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Element and Array Radiation and Response Patterns

Element Response and Radiation Patterns

Antennas and acoustic transducers create radiated fields which propagate outwards into space or into the air and water for acoustics. Conversely, antennas and transducers react to impinging fields to produce output voltages. The electromagnetic fields created by an antenna, or the acoustic field created by a transducer (called a speaker in speech acoustics or hydrophone in ocean acoustics), depend on the distance from the sources and the direction specified by angular coordinates. The terms response pattern and radiation pattern are often used interchangeably but the term radiation pattern is mostly used to describe the field radiated by an element and the term response pattern is mostly used to describe the output of the antenna with respect to impinging wave field as a function of wave direction. By the principle of reciprocity, these two patterns are identical. When discussing the generation of the patterns, it is conceptually easier to think in terms of radiation patterns.

In radar and sonar applications, the interactions between fields and targets take place in the far-field region, often called the Fraunhofer region. The far-field region is defined as the region for which


where L represents the largest dimension of the source. In the far-field region, the fields take a special form: they can be written as the product of a function of direction (such as azimuth and elevation angles) and a geometric fall-off function, 1/r. It is the angular function that is called the radiation pattern, response pattern, or simply pattern.

Radiation patterns can be viewed as field patterns or as power patterns. We shall often add the term "field" or "power" to be more specific: contrast element field pattern versus element power pattern. The radiation power pattern describes the field's radiant intensity as a function of direction. Power units are watts/steradian.

Element field patterns

The element field response or element field pattern represents the angular distribution of the electromagnetic field create by an antenna, E(θ,φ), or the scalar acoustic field, p(θ,φ), generated by an acoustic transducer such as a speaker or hydrophone. Because the far field electromagnetic field consists of horizontal and vertical components orthogonal, (EH(θ,φ), EV(θ,φ)) there may be different patterns for each component. Acoustic fields are scalar fields so there is only one pattern. The general form of any field or field component is


where A is a nominal field amplitude and f(θ,φ) is the normalized field pattern (normalized to unity). Because the field patterns are evaluated at some reference distance from the source, the fields returned by the element's step method are represented simply as A f(θ,φ). You can display the nominal element field pattern by invoking the element's pattern method, choosing 'Type' parameter value as 'efield' and setting the 'Normalize' parameter to false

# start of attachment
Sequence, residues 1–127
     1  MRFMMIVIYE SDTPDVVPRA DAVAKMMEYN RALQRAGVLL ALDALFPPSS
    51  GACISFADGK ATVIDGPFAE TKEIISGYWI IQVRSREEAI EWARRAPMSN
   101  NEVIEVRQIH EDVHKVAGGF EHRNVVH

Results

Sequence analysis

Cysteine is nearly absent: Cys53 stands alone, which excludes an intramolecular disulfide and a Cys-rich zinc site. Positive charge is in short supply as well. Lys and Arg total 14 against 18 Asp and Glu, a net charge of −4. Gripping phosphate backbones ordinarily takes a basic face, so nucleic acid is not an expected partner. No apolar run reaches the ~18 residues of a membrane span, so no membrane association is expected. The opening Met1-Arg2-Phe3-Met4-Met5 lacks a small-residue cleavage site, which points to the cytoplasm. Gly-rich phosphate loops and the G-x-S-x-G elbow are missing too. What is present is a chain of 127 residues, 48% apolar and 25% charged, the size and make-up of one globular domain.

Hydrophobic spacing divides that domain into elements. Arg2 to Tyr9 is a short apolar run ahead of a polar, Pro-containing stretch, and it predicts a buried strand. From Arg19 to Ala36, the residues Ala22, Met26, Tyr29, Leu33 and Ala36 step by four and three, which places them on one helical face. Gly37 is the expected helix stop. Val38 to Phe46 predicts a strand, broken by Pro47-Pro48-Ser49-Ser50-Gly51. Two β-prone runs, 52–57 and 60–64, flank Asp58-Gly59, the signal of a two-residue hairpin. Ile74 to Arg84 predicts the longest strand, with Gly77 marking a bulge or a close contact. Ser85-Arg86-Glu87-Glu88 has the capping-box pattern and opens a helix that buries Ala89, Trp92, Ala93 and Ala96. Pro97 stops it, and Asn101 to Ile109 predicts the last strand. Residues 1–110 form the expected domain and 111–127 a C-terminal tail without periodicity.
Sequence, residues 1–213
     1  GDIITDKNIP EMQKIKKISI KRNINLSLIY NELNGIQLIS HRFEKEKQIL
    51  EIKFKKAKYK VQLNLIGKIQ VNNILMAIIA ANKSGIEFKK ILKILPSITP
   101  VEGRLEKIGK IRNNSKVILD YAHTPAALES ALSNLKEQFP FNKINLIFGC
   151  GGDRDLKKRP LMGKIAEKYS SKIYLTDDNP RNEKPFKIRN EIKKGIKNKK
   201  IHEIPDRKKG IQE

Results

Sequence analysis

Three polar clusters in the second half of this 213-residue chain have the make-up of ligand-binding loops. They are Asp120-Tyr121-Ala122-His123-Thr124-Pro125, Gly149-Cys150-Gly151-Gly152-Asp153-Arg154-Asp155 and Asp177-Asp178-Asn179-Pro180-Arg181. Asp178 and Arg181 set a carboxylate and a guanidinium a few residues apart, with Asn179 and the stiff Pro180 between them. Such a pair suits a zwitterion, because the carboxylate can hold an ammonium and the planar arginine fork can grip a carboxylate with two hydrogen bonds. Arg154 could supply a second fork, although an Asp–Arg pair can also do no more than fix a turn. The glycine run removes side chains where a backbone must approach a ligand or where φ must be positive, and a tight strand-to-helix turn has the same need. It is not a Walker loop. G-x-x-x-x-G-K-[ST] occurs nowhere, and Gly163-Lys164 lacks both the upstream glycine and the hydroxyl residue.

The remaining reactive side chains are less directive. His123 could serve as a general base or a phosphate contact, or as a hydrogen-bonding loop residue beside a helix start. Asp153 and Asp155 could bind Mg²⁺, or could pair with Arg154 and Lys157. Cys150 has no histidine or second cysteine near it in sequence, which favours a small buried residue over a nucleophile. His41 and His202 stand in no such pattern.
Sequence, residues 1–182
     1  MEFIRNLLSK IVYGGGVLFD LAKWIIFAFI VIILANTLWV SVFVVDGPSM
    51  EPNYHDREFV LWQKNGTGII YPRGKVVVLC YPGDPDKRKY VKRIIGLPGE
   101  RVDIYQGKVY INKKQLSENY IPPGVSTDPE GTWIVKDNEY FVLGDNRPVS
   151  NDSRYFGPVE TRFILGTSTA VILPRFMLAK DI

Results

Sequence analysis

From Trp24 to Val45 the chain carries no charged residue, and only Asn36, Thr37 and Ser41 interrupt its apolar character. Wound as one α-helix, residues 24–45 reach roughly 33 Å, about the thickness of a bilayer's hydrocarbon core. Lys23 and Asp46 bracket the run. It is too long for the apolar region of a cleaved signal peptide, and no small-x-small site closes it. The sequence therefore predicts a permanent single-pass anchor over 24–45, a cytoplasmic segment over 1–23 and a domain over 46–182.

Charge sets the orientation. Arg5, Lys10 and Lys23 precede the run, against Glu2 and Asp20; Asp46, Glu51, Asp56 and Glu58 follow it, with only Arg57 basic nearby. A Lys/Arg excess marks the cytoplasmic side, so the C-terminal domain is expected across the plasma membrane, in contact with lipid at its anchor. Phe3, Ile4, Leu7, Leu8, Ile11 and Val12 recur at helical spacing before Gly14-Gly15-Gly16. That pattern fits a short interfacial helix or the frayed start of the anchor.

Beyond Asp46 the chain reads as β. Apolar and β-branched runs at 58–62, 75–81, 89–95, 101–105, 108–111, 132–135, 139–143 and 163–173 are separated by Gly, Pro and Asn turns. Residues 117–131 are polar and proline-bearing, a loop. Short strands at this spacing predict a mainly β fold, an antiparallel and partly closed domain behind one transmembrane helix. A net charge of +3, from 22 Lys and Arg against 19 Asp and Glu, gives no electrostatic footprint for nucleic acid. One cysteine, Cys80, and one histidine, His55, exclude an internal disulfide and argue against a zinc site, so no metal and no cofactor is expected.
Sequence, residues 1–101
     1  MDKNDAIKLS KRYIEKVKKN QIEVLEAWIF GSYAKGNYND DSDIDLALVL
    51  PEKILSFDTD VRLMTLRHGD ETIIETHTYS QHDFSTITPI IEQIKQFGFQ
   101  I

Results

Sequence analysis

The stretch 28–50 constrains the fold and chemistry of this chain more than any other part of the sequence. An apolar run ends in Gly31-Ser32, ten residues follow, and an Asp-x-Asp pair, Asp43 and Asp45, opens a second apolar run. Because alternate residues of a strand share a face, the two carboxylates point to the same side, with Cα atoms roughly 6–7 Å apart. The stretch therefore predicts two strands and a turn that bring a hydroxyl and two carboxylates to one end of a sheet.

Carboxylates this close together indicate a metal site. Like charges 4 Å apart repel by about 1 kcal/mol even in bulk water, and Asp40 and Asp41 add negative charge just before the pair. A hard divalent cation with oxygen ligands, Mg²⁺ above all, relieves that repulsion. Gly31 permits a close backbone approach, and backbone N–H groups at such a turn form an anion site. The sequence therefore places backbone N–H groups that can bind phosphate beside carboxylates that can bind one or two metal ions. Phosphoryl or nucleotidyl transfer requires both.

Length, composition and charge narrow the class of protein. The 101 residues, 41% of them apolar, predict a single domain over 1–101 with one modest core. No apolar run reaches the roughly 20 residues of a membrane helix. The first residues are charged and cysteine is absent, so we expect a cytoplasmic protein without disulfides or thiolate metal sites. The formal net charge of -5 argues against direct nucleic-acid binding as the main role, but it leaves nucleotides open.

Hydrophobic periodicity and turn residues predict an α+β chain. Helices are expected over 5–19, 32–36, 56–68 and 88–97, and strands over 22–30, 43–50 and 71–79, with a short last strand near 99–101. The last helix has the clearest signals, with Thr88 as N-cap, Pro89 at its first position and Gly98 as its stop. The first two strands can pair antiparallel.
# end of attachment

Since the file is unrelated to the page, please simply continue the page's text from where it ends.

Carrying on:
pattern(elem,'Normalize', false,'Type','efield');
You can view the normalized field pattern by setting the 'Normalize' parameter value to true. For example, if EH(θ,φ) is the horizontal component of the complex electromagnetic field, its normalized field pattern is given by |EH(θ,φ)|/EH,max|.
pattern(elem,'Polarization','H','Normalize', true,'Unit''Type','efield');

Element power patterns

The element power response (or element power radiation pattern) is defined as the angular distribution of the radiant intensity in the far field, Urad(θ,φ). When the elements are used for reception, the patterns are interpreted as the sensitivity of the element to radiation arriving from direction (θ,φ) and the power pattern represents the output voltage power of the element as a function of wave arrival direction.

Physically, the radiant intensity for the electromagnetic field produced by an antenna element is given by


where Z0 is the characteristic impedance of free space. The radiant intensity of an acoustic field is given by


where Z is the characteristic impedance of the acoustic medium. For the fields produced by the Phased Array System Toolbox™ element System objects, the radial dependence, the impedances and field magnitudes are all collected in the nominal field amplitudes defined above. Then the radiant intensity can generally be written


The radiant intensity pattern is the quantity returned by the elements pattern method when the 'Normalize' parameter is set to false and the 'Type' parameter is set to 'power' (or 'powerdb' for decibels).

The normalized power pattern is defined as the radiant intensity divided by its maximum value


The pattern method returns a normalized power pattern when the 'Normalize' parameter is set to true and the 'Type' parameter is set to 'power' (or 'powerdb' for decibels).


Element directivity

Element directivity measures the capability of an antenna or acoustic transducer to radiate or receive power preferentially in a particular direction. Sometimes it is referred to as directive gain. Directivity is measured by comparing the transmitted radiant intensity in a given direction to the radiant intensity transmitted by an isotropic radiator with the same total transmitted power. An isotropic radiator radiates equal power in all directions. The radiant intensity of an isotropic radiator is just the total transmitted power divided by the solid angle of a sphere, ,


The element directivity is defined to be


By this definition, the integral of the directivity over a sphere surrounding the element is exactly . Directivity is related to the effective beamwidth of an element. Start with an ideal antenna that has a uniform radiation field over a small solid angle (its beamwidth), ΔΩ, in a particular direction, and zero outside that angle. The directivity is


The greater the directivity, the smaller the beamwidth.

The radiant intensity can be expressed in terms of the directivity and the total power


As an example, the directivity of the electric field of a z-oriented short-dipole antenna element is given by